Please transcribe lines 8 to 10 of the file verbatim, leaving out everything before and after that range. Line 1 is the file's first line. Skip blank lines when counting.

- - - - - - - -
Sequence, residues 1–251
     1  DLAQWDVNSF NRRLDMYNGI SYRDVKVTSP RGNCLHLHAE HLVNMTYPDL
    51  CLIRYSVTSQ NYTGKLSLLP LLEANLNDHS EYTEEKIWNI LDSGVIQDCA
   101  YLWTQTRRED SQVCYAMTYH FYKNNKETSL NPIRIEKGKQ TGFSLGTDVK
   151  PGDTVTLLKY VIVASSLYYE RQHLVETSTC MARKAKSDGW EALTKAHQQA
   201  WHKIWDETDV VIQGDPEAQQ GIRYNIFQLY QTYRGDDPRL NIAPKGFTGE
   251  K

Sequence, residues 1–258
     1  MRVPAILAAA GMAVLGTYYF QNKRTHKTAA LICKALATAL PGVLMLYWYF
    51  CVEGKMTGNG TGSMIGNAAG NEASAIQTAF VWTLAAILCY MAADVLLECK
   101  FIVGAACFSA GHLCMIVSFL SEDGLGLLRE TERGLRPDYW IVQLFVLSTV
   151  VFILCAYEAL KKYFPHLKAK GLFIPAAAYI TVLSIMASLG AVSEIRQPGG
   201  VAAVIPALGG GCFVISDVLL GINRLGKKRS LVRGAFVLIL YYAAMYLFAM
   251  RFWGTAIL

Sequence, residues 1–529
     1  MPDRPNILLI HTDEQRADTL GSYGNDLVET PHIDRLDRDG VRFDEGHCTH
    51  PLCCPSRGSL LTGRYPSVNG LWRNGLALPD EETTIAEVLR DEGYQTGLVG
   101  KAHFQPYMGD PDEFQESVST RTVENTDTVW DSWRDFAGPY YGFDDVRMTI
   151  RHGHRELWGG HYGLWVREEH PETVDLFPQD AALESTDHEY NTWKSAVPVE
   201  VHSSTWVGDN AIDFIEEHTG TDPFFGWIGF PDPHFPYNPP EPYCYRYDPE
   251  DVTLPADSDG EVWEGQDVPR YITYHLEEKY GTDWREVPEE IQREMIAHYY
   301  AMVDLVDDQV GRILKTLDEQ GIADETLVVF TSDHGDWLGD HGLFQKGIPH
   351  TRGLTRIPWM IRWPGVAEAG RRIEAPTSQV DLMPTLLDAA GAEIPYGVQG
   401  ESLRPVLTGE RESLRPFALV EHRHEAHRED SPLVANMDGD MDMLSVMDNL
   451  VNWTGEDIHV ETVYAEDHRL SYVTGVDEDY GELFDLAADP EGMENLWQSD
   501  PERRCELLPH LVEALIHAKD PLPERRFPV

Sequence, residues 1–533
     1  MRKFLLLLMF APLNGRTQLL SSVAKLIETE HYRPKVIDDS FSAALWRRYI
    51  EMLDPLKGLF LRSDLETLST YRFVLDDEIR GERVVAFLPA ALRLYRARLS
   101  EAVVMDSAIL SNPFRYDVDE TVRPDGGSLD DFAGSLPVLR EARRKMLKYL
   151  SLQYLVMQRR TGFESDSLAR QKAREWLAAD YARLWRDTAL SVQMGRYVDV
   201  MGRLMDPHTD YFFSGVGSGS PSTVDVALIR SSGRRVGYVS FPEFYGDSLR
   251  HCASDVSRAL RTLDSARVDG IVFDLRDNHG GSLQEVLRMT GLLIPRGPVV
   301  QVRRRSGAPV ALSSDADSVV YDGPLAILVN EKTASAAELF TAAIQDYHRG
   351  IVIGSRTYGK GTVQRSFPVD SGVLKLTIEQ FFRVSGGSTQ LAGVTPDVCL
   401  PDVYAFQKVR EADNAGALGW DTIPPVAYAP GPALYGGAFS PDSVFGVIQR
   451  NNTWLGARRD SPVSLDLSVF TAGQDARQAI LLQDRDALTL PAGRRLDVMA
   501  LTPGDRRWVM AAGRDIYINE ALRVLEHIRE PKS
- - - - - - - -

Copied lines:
Sequence, residues 1–258
     1  MRVPAILAAA GMAVLGTYYF QNKRTHKTAA LICKALATAL PGVLMLYWYF
    51  CVEGKMTGNG TGSMIGNAAG NEASAIQTAF VWTLAAILCY MAADVLLECK